This follows a year where we saw the best and worst of social media interactions with athletes. Some NBA players stuck their foot in their mouth, Michael Beasley famously posted images of himself with marijuana on a nearby table (later confirmed to not be his house). But on the flip side, the Oklahoma City Thunder embraced Twitter and saw their public image soar, particularly Kevin Durant. Dwyane Wade reached out and communicated, as did Chris Paul. By reaching out and communicating up front with their fans, these players made themselves even bigger and did so on their own terms without the risks involved in third party conversations and interviews.

Which brings us to LeBron James' actions throughout the week. First his website appeared revamped, with talk of "finding out first." Rumors of James intending to announce his free agency decision via the website were later debunked . Then the Twitter account opened. Don't think there's been a radical shift in policy with James? Consider that the reporter who's followed him his entire career is completely baffled by the opening of James' Twitter account. That, along with the announcement of the live announcement represent a drastic change in the perception of James by those that have been with him the longest. The stakes have changed. And the playing field has changed alongside with it.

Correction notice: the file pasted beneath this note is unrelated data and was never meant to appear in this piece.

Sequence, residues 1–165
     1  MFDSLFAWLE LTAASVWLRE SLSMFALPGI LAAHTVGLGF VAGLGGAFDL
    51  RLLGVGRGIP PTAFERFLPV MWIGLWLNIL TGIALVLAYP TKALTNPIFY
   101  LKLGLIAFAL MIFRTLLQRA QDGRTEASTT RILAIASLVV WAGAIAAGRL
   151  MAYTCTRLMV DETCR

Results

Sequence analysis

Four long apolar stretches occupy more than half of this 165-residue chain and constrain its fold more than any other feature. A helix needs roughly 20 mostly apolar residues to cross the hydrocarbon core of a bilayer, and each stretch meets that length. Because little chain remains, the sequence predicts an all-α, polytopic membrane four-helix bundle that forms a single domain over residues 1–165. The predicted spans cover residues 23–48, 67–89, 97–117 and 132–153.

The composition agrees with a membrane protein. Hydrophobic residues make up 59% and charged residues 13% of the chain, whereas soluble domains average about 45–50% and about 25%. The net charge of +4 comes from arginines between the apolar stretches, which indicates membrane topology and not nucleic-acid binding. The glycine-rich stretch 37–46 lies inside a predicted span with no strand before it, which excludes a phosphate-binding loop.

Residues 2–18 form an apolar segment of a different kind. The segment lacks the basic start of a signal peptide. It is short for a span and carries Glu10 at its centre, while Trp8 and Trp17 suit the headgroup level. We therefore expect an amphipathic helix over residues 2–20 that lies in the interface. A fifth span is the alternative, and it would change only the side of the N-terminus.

The key to this is the ability to control the message. Instead of having every angle, feeling, and angle about his business decisions laid out by reporters around the media sphere and the world wide web (it's an information superhighway, you know), James has the opportunity to lay out his decision in the most dramatic way possible, while raising money for charity. He raises his profile, puts himself on the map in a way never before seen. He'll never be Jordan, but he can market himself bigger. What's striking is that by doing so, he's somehow moved the importance of this operation from what his decision is to the announcement itself.